No website is perfect, but if you follow these guidelines, you’ll likely see better results, more leads and happier customers.

Photo credit by elessar_x.

The Importance of Graphic Design When It Comes to Your Website

When you are designing a website, you are going to realize early on that you can toss the words out the window. You cannot minimize the importance of quality content, as it is the reason people will get into the materials of your website, but you have to start with the graphics. Quality graphic design will make your website stand out from the get-go, allowing visitors to sink into the content. When putting together a website, remember that the following things can all be achieved through graphic design.

State your case
You can either tell visitors what you are up to as a company or as an individual; the other option is to show them. Even in fiction writing, the idea is to show the reader through words. With websites, you have the advantage of using graphics to show viewers just where you are coming from and where you would like to take them. It’s the ideal way to state a case for yourself. Nothing says cutting edge like contemporary art on your header; nothing says classical and literate like a quote from a writer across an image of ancient Greece. You make the call.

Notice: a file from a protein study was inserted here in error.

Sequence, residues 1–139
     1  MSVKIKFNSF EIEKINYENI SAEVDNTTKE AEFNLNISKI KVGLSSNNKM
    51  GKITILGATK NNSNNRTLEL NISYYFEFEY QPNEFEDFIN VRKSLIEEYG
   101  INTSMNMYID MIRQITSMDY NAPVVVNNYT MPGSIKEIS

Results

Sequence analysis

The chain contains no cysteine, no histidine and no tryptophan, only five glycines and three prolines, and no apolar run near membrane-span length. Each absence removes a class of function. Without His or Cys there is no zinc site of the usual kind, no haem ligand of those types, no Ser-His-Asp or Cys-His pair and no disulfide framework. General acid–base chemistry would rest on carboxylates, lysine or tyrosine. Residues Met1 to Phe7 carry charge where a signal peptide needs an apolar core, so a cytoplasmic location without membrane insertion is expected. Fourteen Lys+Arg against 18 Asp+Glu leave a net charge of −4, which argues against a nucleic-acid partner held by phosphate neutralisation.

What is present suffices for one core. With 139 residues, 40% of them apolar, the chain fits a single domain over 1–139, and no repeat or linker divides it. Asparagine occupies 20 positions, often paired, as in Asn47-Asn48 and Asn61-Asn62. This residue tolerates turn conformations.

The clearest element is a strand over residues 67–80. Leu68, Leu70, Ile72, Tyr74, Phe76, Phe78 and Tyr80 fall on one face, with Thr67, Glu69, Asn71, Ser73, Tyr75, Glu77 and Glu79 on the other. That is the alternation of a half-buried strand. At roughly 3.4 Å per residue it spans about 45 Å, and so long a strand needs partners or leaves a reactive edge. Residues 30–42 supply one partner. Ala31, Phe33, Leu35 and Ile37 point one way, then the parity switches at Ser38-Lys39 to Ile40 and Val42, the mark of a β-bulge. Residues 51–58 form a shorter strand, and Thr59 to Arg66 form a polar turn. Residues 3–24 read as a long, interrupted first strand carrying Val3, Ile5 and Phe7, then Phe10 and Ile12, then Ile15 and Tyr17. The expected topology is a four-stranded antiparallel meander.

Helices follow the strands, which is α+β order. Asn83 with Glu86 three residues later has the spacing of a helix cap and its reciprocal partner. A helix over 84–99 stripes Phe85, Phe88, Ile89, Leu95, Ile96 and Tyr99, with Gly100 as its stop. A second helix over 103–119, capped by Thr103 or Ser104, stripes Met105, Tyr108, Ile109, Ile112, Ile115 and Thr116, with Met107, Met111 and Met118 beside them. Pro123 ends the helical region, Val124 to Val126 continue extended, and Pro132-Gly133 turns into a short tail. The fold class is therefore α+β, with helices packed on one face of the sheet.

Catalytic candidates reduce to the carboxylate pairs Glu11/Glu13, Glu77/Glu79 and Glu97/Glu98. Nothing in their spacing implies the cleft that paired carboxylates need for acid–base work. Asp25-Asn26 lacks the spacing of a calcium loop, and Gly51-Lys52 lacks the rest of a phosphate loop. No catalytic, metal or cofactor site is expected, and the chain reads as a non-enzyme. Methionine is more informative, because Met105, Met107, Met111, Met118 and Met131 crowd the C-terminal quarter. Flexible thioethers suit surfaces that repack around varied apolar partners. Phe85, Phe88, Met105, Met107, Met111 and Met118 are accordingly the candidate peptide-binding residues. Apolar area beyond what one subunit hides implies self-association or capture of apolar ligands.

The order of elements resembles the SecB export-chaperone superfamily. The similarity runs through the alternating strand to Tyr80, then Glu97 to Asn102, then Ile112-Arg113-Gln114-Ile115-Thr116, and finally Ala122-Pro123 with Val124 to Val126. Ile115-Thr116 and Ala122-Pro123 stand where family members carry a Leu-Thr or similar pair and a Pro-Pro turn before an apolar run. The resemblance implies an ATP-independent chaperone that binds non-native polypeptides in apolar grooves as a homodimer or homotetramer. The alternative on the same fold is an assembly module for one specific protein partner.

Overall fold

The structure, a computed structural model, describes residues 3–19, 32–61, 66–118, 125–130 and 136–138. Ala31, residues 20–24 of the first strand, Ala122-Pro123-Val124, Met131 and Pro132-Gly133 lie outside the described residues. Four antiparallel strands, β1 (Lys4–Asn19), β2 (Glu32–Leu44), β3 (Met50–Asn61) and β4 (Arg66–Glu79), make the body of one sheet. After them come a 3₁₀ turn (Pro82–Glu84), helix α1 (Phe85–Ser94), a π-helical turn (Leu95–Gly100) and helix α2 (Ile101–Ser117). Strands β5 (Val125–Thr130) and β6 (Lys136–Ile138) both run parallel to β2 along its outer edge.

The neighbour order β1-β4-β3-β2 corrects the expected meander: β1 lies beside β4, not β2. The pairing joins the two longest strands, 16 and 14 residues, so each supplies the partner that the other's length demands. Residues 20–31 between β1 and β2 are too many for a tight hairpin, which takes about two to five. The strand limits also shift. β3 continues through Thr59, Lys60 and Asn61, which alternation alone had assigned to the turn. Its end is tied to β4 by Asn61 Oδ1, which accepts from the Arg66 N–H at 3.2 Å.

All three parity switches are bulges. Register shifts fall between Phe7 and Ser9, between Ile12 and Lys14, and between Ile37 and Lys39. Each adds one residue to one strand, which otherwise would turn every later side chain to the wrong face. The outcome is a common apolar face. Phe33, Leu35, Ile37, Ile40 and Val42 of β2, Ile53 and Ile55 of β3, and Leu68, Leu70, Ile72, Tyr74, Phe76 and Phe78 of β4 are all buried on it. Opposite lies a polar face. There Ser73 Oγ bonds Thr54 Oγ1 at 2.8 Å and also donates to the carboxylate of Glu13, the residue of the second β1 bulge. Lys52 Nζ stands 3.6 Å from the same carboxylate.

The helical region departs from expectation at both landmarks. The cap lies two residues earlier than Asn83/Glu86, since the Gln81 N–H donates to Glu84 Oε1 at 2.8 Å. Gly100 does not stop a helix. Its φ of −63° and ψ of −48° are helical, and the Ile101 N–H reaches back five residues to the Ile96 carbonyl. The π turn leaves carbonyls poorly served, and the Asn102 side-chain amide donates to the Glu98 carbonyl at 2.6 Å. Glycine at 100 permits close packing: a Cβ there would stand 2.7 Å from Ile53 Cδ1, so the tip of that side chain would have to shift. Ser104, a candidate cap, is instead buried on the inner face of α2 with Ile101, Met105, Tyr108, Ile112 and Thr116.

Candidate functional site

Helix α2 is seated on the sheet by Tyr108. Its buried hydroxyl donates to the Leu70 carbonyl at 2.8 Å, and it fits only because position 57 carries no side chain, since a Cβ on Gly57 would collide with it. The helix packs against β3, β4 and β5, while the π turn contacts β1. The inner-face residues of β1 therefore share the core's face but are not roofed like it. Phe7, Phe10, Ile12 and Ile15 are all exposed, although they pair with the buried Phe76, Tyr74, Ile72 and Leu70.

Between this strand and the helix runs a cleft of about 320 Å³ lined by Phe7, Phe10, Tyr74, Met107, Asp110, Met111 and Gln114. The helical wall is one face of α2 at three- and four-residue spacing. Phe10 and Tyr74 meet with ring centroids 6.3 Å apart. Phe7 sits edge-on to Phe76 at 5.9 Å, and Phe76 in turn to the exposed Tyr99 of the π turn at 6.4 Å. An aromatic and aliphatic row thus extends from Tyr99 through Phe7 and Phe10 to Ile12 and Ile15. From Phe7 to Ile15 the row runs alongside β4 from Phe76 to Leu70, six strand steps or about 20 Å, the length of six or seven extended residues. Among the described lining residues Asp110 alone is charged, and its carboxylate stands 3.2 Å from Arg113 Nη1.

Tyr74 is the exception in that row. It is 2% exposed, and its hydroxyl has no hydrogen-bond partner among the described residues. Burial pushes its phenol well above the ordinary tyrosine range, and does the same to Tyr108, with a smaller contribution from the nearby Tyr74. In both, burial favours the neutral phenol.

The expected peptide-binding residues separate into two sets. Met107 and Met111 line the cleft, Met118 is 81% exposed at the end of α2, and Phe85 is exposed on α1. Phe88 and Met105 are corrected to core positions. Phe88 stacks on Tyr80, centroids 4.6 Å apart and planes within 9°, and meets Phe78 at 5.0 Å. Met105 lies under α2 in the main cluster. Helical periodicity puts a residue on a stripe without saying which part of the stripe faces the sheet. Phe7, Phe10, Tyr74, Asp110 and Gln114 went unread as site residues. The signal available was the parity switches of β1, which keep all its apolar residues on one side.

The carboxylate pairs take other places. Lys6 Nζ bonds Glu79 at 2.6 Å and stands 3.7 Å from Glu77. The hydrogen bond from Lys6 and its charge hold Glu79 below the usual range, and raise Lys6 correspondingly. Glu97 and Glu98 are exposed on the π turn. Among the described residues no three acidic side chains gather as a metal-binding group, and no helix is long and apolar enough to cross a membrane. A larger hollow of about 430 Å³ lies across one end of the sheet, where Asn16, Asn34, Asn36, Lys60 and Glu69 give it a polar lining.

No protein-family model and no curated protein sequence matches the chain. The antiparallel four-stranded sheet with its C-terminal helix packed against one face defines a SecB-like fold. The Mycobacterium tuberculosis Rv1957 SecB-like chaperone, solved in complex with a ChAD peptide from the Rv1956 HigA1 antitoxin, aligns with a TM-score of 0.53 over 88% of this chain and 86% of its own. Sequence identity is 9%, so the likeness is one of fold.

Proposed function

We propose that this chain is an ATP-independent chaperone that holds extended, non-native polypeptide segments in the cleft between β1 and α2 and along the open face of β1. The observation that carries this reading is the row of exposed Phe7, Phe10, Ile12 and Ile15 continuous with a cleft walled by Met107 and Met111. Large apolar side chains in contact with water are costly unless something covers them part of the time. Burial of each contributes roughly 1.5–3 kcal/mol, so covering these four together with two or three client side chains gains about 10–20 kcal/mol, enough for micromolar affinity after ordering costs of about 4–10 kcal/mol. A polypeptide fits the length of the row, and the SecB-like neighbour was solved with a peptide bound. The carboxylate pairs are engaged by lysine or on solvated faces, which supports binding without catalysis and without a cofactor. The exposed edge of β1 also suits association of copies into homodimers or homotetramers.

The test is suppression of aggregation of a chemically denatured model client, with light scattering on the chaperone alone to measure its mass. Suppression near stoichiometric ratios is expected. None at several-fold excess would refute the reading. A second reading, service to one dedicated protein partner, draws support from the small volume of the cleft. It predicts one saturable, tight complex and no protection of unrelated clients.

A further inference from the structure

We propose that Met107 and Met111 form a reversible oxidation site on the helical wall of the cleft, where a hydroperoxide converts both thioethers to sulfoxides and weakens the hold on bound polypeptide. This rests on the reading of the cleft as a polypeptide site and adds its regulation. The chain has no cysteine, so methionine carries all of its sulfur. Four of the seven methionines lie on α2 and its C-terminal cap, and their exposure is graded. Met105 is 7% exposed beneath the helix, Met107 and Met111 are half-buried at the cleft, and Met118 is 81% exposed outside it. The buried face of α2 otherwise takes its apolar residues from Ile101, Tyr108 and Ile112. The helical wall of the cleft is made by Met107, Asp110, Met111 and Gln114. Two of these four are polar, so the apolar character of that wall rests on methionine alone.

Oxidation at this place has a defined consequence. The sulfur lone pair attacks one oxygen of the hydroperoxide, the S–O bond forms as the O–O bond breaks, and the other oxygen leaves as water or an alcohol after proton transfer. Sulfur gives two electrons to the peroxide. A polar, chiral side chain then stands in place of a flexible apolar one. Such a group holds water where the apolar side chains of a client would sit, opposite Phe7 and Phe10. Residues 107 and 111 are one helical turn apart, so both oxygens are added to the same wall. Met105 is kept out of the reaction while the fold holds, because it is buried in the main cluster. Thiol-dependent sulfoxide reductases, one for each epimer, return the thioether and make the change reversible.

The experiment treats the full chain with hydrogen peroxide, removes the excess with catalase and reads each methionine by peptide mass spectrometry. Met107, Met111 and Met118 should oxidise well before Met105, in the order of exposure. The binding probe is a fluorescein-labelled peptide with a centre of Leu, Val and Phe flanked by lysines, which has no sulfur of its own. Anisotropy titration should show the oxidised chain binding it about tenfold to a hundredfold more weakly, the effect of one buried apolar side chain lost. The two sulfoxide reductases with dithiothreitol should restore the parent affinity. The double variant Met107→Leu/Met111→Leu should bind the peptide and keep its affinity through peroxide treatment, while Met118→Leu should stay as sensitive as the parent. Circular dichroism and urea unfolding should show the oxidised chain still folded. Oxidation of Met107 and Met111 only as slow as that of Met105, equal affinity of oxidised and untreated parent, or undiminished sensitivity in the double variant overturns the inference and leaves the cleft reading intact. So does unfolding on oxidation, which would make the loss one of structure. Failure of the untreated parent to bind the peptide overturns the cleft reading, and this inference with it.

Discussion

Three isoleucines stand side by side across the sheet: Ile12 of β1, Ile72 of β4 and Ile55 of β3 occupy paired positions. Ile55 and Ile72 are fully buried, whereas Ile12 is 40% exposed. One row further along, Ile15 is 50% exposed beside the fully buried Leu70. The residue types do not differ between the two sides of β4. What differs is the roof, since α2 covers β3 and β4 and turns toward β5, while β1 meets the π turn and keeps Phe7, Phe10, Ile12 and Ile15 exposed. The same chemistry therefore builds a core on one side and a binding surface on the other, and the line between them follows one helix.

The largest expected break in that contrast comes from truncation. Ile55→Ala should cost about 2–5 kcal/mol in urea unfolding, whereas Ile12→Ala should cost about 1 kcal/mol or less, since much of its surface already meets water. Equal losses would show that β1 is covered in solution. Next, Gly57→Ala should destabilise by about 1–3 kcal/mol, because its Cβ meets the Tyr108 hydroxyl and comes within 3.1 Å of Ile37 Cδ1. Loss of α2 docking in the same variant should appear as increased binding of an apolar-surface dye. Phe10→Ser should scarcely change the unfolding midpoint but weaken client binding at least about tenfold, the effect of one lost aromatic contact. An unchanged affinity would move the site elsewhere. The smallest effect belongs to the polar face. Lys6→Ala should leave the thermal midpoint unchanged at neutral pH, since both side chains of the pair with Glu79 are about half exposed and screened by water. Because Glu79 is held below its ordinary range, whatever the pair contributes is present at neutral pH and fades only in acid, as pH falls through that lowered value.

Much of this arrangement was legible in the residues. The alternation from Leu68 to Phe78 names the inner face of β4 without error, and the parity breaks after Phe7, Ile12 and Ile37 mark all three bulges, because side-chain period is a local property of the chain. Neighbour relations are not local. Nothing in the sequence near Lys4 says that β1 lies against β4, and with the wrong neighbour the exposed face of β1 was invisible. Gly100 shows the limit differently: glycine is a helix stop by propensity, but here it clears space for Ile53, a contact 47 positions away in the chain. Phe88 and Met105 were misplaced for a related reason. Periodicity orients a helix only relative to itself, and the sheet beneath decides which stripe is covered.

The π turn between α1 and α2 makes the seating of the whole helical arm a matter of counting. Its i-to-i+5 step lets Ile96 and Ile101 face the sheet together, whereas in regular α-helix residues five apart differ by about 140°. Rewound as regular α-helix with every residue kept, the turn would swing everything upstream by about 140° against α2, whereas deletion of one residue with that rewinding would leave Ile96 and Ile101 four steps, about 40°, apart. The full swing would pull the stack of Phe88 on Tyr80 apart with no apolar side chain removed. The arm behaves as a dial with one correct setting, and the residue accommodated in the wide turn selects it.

Cement your brand
When you are deciding on the type of graphic design you would like to have on your website, you are actually deciding what your brand will be. Choose carefully, as it can be difficult to change the impression you have given off later on in the future. Most experts in the field will recommend holding off on a website launch until you have the exact image you want to project in place. You can ‘go live’ and backtrack later, but it is far better to start strong and plow on full steam ahead. With the latter option, you never have to worry that you have jumped the gun.

Entertain and intrigue
When you get visitors to a website, you never know exactly how they arrived there. They might have simply been curious about something you are offering; they could be competitors checking on your style; or the whole thing could have been an accidental click or two. For this reason, you want to keep an open mind about the type of people you are serving. On the one hand, you want to cater to a clientele. On the other hand, you want to entertain and intrigue whoever has arrived, as you can’t tell where it will lead. Make sure your graphic design is up for the challenge.

Send subliminal messages
You don’t have to be a rock band from the 1970’s to send subliminal messages to an audience. In fact, every bit of advertising does it on one level or another. Let your graphic design do a bit more than wow the audience; let it speak to them when they have moved on and are far removed from a computer. Your message can have a lasting impact. How long that impact lasts will depend on the graphic design you have in place on your website.

About the Author
This article was written by Mona Pennypacker of Acorn Creative Studio who specializes in web site design in Colorado.